The Mauritanian (2020) review: an incendiary legal drama with Jodie Foster and Tahar Rahim

It is not time to assess the films nominated for the Oscar 2021 or go reviewing their strengths and weaknesses to determine why the extraordinary ‘The Mauritanian’ (The Mauritanian, 2021), by Kevin Macdonald it is not among those selected. I may not touch, because does not review recent events in American society, and when we say recent, we do not mean the events of 2020. Trump, the Black Lives Matter, the pandemic or the assault on the capitol.

It may be because the gap in the movies with judgment was already filled by Netflix and its funny ‘The Trial of the Chicago 7’ (The Trial of the Chicago 7, 2020) and the political artifacts resonate better echoing the racial struggle with movies more than worthy but with inconsistencies like ‘Judas and the Black Messiah’ (Judas and the Black Messiah, 2021), but simply, after seeing the McDonald’s movie, It is important to review the list of nominees and check their absence.

A Cuban history

Perhaps what he tells and explains is not convenient to air it artistically, since denunciation films are good when there is a visible and clear head on which to demonize, but when the shame falls on the whole country, perhaps it is not the time to reward the story of a man who paints a cynical expression on the street. big smile of democracy. Mohamedou Ould Slahi’s account is uncomfortable because it is not a famous case in the 60s and 70s that shows “how nothing has changed” like so many current revisionist films.

His story is the history of the day before yesterday, so much so that the torment to which he was subjected ended only 4 years ago and the worst of his case is that he is only one of the 799 prisoners in Gitmo, of whom, as reported by the credits, only 8 have been tried and convicted, with three of those convictions overturned on appeal. The squandering of its own legislation and of any guarantee of the declaration of human rights is one of the most painful episodes of western civilization of the 21st century.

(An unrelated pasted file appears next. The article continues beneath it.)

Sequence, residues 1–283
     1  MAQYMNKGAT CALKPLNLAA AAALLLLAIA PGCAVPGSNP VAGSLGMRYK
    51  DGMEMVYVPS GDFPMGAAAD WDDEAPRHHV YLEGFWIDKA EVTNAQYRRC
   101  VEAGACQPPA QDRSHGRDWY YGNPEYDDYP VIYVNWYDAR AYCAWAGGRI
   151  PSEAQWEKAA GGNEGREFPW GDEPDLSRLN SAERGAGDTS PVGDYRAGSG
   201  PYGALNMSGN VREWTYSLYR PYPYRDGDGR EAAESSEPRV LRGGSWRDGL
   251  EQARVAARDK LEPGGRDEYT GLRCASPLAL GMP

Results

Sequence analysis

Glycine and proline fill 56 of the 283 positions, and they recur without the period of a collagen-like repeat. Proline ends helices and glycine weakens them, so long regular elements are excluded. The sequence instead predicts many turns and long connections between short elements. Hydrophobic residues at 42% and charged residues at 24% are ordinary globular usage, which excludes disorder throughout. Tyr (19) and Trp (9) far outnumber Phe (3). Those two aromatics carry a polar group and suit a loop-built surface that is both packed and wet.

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The Mauritanian‘presents the story of Slahi with a script that draws heavily on his memoirs’Guantanamo Journal‘, which became a multi-language best-seller in 2016 after being censored by the US military, only to be published in its entirety after its release. In the hands of Rory Haines, Sohrab Noshirvani, M.B. Traven, tells how the writer was interned in the Guantánamo detention camp on suspicion of having recruited the kidnappers of September 11.

Bay bay, Guantánamo Bay

The most interesting thing about McDonald’s film is how he alternatively narrates the odyssey of the main opponents in the Slahi case, defense attorney Nancy Hollander, played by a rotund Jodie Foster, and the military prosecutor Stuart Couch, a Benedict Cumberbatch who does not clash as an American, but does not convince either, and how, starting from diametrically opposite positions, they end up meeting when they collide with the wall of official secrets, in a precise montage in which they adjusts the information in its not heavy 129 minutes.


From Hollander’s perspective, a stupendous subplot is created with his young assistant Teri Duncan (Shailene Woodley), who, having filed a Freedom of Information request for the relevant documents, receive a mountain of boxes whose documents are nearly 100 censored. %, and how both react differently, as they discover what they hide. From Hollander’s professionalism and defense of individual rights, to Duncan’s posh idealism, his two postures define the arc of his characters with subtlety and verism, making the heart of the film beat at this bend.